Home
http://www.virbac.fr/ http://www.boehringer-ingelheim.com/ http://www.novartis.com/ http://www.animalhealth.bayerhealthcare.com/
vetcontact
Vetrinär
Tiermedizin
  WELCOME  
vetcontact
Vetrinär
Tiermedizin
  Home  
  Login / Newsletter  
vetcontact
Vetrinär
Tiermedizin
  CONTACTS  
vetcontact
Vetrinär
Tiermedizin
  Classifieds  
  New Products  
  VetCompanies  
  VetSchools  
vetcontact
Vetrinär
Tiermedizin
  PROFESSION  
vetcontact
Vetrinär
Tiermedizin
  Edutainment  
  VetAgenda  
  Presentations  
  Posters  
  ESAVS  
  Specialisation  
vetcontact
Vetrinär
Tiermedizin
  INSIGHT  
vetcontact
Vetrinär
Tiermedizin
  Congress News  
  Picture Galleries  
vetcontact
Vetrinär
Tiermedizin
  PRODUCTS  
vetcontact
Vetrinär
Tiermedizin
  Bayer  
  Boehringer Ing.  
  Novartis  
  Virbac

 
  Simply book for less...  
    

Bovine    Equine    Small Animal Practice    Swine Practice    Articles    Vetjournal    
deutsch english español polski francais
Home / WELCOME / Archiv / Small Animal Practice /     
 
Cyproheptadine in cats
Cyproheptadine is sometmes used in cats to stimulate their appetite. What about the distribution in the body after oral or intravenous application? The results of this study give interesting informations...

The objective of this study including 6 healthy cats was to determine disposition of cyproheptadine hydrochloride in cats after intravenous or oral administration of a single dose. A randomized crossover design was used, and each cat was studied after intravenous (2 mg) and oral (8 mg) administration of cyproheptadine.

Blood samples were collected at fixed time intervals after drug administration, and serum cyproheptadine concentration was determined by means of polarized immunofluorescence.

RESULTS: Mean (+/- SD) residence time was significantly longer after oral (823 +/- 191 minutes) than after intravenous (339 +/- 217 minutes) administration, but no significant differences were detected between other pharmacokinetic parameters after oral and intravenous administration.

Mean +/- SD oral bioavailability was 1.01 +/- 0.36.

Mean elimination half-life after oral administration was 12.8 +/- 9.9 hours. Peak extrapolated cyproheptadine concentration was 669 +/- 206 ng/ml. Only 1 cat developed adverse effects (transient vocalization).

CONCLUSIONS: Cyproheptadine appeared to be well tolerated in cats and had high bioavailability after oral administration. The mean elimination half-life of 12 hours indicated that approximately 2.5 days must elapse to achieve steady-state concentrations of cyproheptadine after oral administration of multiple doses. A 12-hour dosing interval is acceptable, but an 8-hour interval may be indicated for some cats.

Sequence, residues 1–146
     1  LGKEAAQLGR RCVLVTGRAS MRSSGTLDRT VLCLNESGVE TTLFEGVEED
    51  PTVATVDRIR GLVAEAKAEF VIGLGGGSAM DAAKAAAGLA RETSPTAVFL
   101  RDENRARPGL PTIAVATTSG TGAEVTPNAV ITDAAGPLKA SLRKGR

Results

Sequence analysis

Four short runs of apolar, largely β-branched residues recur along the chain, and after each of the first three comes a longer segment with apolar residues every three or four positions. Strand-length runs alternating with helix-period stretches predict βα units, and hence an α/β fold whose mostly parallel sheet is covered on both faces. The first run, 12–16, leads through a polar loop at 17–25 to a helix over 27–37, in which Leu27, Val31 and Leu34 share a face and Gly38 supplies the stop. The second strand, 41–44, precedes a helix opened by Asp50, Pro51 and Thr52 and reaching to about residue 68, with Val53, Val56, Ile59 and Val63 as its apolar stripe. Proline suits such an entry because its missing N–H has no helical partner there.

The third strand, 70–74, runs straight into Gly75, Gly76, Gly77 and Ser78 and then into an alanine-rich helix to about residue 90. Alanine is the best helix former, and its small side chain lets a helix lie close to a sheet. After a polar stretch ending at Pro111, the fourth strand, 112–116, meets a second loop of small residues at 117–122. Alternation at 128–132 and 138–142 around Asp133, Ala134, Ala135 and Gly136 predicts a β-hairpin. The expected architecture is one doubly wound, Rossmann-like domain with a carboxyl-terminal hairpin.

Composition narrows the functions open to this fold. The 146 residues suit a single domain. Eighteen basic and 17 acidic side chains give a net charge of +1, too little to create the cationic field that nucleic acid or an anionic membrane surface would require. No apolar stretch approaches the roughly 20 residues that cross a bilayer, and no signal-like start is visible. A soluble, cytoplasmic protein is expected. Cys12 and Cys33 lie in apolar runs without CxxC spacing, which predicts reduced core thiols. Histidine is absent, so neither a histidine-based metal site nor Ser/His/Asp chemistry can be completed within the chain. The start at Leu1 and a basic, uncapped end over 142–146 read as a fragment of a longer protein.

On the basis of pharmacokinetic parameters determined in this study, the oral form of cyproheptadine appears to be suitable for use in clinical trials to treat anorexia in cats. Its half-life is compatible with once or twice daily dosing.


Source: Norris CR, Boothe DM, Esparza T, Gray C, Ragsdale M. (1998): Disposition of cyproheptadine in cats after intravenous or oral administration of a single dose. In: Am J Vet Res. 1998 Jan;59(1):79-81.



Tell a friend   |   Print version   |   Send this article

SMALL ANIMAL PRACTICE

Tolerability of a rapid-escalation vinblastine-prednisolone protocol in canine mast cell tumours
Optimal chemotherapy protocols for high-risk mast cell tumours (MCTs) are unknown. The purpose of this study was to determine the tolerability and toxicity profile of a rapidly escalating vinblastine and prednisolone protocol (VPP) in which 3.00 mg/m2 was administered once 7 days apart: at day 14 and at day 21.

  • Translaryngeal percutaneous arytenoid lateralization technique in dogsmembers
  • Hypothermia in Dogs and Cats with Uremia
  • Retrospective Study of Feline Exocrine Pancreatic Insufficiency
  • 2-tier histologic grading system for canine cutaneous mast cell tumors on cytology members
  • Dynamic sonography of the metacarpophalangeal digital flexor tendon sheath in horsesmembers
  • Improved survival in patients undergoing pulmonary metastasectomy for sarcomamembers
  • LDE tendon mineralization with concurrent cruciate ligament rupturemembers
  • Role of IL-4 in neoplastic canine mast cellsmembers
  • Cryopreserved platelet concentrate transfusions in 43 dogsmembers
  • CT comparison of intranasal features in brachycephalic and normocephalic dogsmembers
  • Comparison of 2 Doses for ACTH Stimulation Testing in Dogs members
  • NT-proBNP and cardiac troponin I in dogs with tick paralysis due to I. holocyclusmembers


  • [ Home ] [ About ] [ Contact / Request ][ Disclaimer ]

    Copyright © 2001-2016 VetContact GmbH
    All rights reserved